When it comes to soil judging, West Virginia University student Adrienne Nottingham is among the world’s elite.
The Green Bank, West Virginia, native placed seventh at the International Field Course and Soil Judging Contest in G�d�llő, Hungary, at the beginning of September.
As an agronomy graduate student in the WVU Davis College of Agriculture, Natural Resources and Design, Nottingham is a national ranked member of the WVU Soils Team. She placed third in the 2015 National Collegiate Soils Contest, qualifying her to compete in the international event as a member of Team USA.
Team USA won first place overall and was represented by Nottingham, Erin Bush of Kansas State University, Stephen Geib of Delaware Valley University, and Kristen Pegues of Auburn University.
The students competed as individuals and as a team, and scores from both were used to determine final overall standings.
Each member of Team USA placed in the top ten. Pegues was awarded first; Bush tied for fourth, and Nottingham and Geib tied for seventh. As a team, the students were awarded second place.
“I am thrilled to have placed seventh since my goal was to place in the top ten,” Nottingham said. “I’m even more pleased that our team won the overall competition especially since we were the youngest team in the competition.”
Jim Thompson, professor of soil science and WVU Soils Team coach, praised Nottingham and Team USA for their efforts.
“This was a wonderful opportunity for these students to study unique soils, make new friends from around the world, and create memorable experiences that will last a lifetime,” he said. “Through it all, Adrienne was a great ambassador for WVU and the Davis College.”
Now in its second year, the contest was an opportunity for students and scholars to interact and experience the landscapes and soils of Hungary and the Danube Basin. It was also considered one of the highlight activities celebrating the International Year of Soils.
Competitors from 28 countries used their knowledge and practical skills to describe, understand and interpret soil characteristics in the field. Teams spent the four days prior to the competition researching Hungary’s soils and landscapes.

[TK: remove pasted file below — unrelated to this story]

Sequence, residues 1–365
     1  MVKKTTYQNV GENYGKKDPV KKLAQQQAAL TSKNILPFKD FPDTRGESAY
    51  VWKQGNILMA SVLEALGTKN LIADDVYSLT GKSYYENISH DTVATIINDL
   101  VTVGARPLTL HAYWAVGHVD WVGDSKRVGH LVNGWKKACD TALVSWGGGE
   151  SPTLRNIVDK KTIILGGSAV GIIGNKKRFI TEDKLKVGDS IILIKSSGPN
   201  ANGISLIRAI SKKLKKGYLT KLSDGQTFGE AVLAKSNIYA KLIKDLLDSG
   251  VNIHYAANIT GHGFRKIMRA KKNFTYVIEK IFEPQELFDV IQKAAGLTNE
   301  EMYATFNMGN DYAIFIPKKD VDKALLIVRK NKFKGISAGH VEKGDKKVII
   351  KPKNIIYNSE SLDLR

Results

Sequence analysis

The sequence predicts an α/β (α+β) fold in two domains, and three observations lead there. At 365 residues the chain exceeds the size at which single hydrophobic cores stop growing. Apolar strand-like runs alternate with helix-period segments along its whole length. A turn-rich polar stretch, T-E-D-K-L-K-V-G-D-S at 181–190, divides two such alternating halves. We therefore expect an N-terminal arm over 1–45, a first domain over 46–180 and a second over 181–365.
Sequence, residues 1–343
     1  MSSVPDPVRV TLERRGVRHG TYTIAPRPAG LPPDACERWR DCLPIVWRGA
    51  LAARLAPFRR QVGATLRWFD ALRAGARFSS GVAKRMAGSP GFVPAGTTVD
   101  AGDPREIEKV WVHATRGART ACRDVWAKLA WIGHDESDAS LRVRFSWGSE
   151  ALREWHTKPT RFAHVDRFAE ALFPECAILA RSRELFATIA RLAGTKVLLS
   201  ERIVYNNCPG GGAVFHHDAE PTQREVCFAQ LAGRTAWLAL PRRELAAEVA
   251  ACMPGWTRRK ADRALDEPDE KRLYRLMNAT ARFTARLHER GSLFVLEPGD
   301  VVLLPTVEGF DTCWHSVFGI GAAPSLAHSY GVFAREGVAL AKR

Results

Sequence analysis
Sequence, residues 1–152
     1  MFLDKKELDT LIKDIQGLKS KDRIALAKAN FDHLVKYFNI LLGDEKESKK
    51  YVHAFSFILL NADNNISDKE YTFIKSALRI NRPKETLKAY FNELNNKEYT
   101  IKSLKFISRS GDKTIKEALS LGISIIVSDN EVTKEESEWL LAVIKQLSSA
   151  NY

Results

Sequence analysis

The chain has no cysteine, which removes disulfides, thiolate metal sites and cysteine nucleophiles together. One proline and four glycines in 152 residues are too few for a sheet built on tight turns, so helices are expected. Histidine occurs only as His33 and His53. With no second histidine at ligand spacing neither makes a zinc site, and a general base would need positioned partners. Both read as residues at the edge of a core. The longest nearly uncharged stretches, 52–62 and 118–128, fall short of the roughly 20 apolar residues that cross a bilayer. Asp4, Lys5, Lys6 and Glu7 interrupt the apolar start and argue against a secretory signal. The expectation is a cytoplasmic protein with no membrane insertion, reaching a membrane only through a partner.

According to Nottingham, however, nothing helps individuals learn the concepts like seeing them first hand in a soil pit.
“Soils are highly variable, even when they are only a few feet apart, so I got to see soils that were very different than what I’ve been exposed to in the United States,” Nottingham said.
She went on to explain that several environmental factors contributed to the difference.
“All of the soils we saw were located in a large basin and a lot of them were sodium affected with high levels of calcium carbonate,” she said. “These characteristics greatly influence soil quality and land use potential.”
Describing those soils as well as the experts in the area was particularly difficult, but Team USA was certainly up for the challenge – even though the members had never met prior to this competition.
“I had never met my teammates before,” Nottingham said. “At previous contests they were the competition! However, it didn’t take long for us to get to know each other and settle into our team roles. I really loved getting to know them and hope our paths cross again sooner rather than later.”
She even made friends with members of opposing teams.
“I frequently found myself hanging out with students from the German, Croatian, Spanish, Hungarian and African teams,” she said. “That was just another awesome part of this whole experience – I developed relationships with people from around the world while learning about soil.”
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